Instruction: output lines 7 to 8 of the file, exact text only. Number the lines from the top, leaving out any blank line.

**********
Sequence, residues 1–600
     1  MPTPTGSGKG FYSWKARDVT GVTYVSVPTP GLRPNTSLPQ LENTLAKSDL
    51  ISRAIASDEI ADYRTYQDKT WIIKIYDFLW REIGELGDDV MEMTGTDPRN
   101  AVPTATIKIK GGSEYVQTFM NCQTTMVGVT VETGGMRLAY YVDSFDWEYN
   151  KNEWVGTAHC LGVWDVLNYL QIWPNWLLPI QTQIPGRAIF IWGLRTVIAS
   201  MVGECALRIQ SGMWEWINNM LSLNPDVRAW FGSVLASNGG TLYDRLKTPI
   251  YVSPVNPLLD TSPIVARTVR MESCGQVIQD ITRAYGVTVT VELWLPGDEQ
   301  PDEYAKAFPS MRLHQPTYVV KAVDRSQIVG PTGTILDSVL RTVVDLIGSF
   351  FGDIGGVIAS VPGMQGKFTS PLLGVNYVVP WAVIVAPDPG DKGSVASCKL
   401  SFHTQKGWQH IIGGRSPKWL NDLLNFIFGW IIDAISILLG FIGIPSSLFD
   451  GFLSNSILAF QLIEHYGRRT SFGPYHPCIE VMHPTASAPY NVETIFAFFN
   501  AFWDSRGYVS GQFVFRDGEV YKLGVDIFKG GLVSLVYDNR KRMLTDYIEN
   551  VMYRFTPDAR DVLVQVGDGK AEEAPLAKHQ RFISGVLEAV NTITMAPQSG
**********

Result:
   251  YVSPVNPLLD TSPIVARTVR MESCGQVIQD ITRAYGVTVT VELWLPGDEQ
   301  PDEYAKAFPS MRLHQPTYVV KAVDRSQIVG PTGTILDSVL RTVVDLIGSF